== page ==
One day, a front suspension strut snapped, but I carried on driving it for a few weeks until I could find a cheap back street garage to fix it. One of the rear leaf springs snapped as well, and luckily our local scrap yard at the time employed a bloke who would fit replacement parts for an extra few quid. Even better, the springs he fitted were off a 35cwt van, so once fitted, the car had very little body roll.

There were holes in the front floor pans, and the water got in and rotted the carpets. One summer I repaired some of the holes with filler and an old Rapid Shave can. I didn't quite underseal over all of it and from a certain angle throught the wheel arch you could see the Rapid Shave logo in red and black.

I crashed it into the back of a van one day whilst messing with the tape player. It creased the bonnet but a friend of mine stood on it while I bent it straight again.

The propshaft UJs wore out and made the car vibrate so much it was like driving a dildo, and the rear mirror shook so much the view of the road behind was a blur at 40 and above. Top speed was about 75 on level roads, and 50 on hills. I used to get on the A3 at Petersfield and overtake slower cars on the chevrons to maintain a half decent speed. If I slowed down, it took about half a mile to get up to 50 again. Traffplod in an E28 pulled me one day for doing it.
The diff went as well, and the noise was horrible. I think it must have run out of oil. And the clutch pressure plate went as well. This resulted in a very soft pedal and a lot of clutch slip. A mate repaired it for me, and it plodded on for a bit longer, until at the next MOT it failed on loads of rust round the front suspension turrets, inner wings and sills, so I sold it for £25 to some bloke my sister knew who bought shit cars. Crazy thing is, I bet it would be worth 5k now, even in that condition.

I was given a Fiat 127 by a friend who was moving abroad, and it came with 2 weeks tax and a week's MOT. It was a 1050cc OHC with a 4 speed gearbox, and shit brakes. Some 127s had alloy front brake calipers, and when the piston came out far enough, it would move over at a slight angle and oval the bore, so the piston couldn't retract properly, and the brakes on that side would constantly bind afterwards. Anything other then very light braking caused this, and you could tell because the car would have hardly any acceleration. I used to carry a Peter Sutcliffe starter kit (hammer) with me to hit the back of caliper to release it.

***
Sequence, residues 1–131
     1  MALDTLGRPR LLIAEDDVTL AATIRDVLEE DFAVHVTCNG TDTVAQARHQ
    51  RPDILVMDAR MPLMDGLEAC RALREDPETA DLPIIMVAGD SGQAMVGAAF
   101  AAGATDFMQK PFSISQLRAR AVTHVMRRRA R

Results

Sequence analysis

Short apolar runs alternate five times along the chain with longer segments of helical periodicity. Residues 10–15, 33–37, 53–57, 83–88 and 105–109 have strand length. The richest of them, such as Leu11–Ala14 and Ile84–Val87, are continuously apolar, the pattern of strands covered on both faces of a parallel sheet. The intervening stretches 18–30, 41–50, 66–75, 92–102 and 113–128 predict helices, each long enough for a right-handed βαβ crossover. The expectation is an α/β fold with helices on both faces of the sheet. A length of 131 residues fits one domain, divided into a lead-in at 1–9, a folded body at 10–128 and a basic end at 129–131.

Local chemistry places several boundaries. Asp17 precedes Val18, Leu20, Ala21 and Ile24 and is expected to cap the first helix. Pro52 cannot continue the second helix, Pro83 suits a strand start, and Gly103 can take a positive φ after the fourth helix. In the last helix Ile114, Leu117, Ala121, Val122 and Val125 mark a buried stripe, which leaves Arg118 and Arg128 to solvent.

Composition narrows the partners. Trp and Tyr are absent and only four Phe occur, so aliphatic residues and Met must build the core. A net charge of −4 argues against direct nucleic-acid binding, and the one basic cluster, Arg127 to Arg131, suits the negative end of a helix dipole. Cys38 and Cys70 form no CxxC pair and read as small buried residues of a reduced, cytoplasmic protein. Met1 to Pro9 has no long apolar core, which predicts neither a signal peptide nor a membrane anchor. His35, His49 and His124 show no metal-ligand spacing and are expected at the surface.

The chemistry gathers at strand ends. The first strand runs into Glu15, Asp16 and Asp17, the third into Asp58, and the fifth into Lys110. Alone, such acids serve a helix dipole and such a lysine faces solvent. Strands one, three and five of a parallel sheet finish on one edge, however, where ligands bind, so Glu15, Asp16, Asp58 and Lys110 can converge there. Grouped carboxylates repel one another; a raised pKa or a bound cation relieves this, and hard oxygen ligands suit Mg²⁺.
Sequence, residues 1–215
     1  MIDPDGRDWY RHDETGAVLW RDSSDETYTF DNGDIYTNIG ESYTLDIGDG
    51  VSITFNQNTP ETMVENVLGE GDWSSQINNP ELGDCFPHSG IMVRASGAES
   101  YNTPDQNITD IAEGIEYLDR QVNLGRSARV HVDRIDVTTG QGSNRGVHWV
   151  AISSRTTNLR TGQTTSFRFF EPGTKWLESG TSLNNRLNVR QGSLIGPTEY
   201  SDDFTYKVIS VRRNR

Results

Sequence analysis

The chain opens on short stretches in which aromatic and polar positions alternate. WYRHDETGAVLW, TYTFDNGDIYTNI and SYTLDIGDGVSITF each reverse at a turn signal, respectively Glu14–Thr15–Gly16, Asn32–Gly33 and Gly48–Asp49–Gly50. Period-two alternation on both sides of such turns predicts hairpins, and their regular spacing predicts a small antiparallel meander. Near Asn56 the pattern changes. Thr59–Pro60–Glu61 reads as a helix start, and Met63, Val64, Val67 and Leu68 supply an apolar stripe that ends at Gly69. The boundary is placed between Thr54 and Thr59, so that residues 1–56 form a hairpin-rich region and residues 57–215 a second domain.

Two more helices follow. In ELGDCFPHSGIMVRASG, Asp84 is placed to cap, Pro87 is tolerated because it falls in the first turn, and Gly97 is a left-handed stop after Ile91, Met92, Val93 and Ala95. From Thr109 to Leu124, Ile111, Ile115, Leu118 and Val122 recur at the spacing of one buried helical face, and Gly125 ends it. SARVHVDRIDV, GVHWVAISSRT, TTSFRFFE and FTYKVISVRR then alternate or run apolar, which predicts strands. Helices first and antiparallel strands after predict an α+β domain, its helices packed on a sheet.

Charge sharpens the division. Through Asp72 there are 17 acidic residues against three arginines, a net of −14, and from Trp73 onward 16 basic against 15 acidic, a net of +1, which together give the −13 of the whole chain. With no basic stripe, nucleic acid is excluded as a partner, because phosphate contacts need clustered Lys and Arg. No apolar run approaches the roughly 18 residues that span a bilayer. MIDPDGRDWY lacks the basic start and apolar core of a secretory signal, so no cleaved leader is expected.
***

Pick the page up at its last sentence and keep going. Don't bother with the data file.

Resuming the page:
One evening, a Ford Transit crashed into the back wing, putting a large dent in it. Worse still, a load of paint and rust fell off, leaving it full of holes. I used parcel tape to cover them up, then sprayed over it with red oxide primer.
It had a flat spot, and one day, I floored the throttle and it stalled. When I took the top of the carburretor off, I found a dead moth covering the jet in the bottom of the float chamber. Once cleaned out, the car was quite quick off the mark.
When the tax ran out, I broke it up for spares. I took all the window glass out, and prior to this, the tailgate wouldn't stay up on it's own, due to knackered struts, but without the weight of the glass, it went up so quick you had to jump out of the way or get twatted in the face by it. The engine lived on in another 127 for a few more years, and we fitted it using a lot of swearing and a trolley jack. When it was just a rolling shell, we towed it to the scrap yard. They didn't give any money for it, but they didn't charge us for it either.
That reminds me of my 127 I owned ages ago. Think I paid £80 for it.

Being a surveyor at the time I stopped at a house in the sticks and did whatever I was supposed to do and drove off. I noticed that the brakes weren't up to much and required more and more effort to stop the car. This continued until I got back to the office, I was using the handbrake by then to stop. Having to get home I had a mate in the office who had an equally shite car, so he agreed to drive in front as there were some hills in the way, If my judicious application of the handbrake wasn't stopping me, the back bumper of the car in front would. Anyhoo, we managed to get the car to a fixer-upper mate without too much bumper bashing and he fixed the problem (although a little surprised at what he saw). A few days later I was back at the house I visited to do something, and they handed me a plastic bag with the caliper piston and other parts in it. You left these behind last time you were here they told me.
 
#45
Austin Montenogo,1600 for me. Bought it about 1998 or so, hauling out to Grain at silly o clock in the morning pitch black and it dies. Sat there scratching me head, fuel, etc. Then after about five minutes tried the starter and off we went. Clocked off passed the pub on the way home did exactly the same. Got home rang a few people oh yes.. Electronic sensor in the bell housing for timing, clutch gets hot it damages the sensor. Decided to get rid swapped it with a dealer chappie for an SD1 2Litre. Best move ever. Brill car, bags of space a tad underpowered but a real little trojan.
 
#46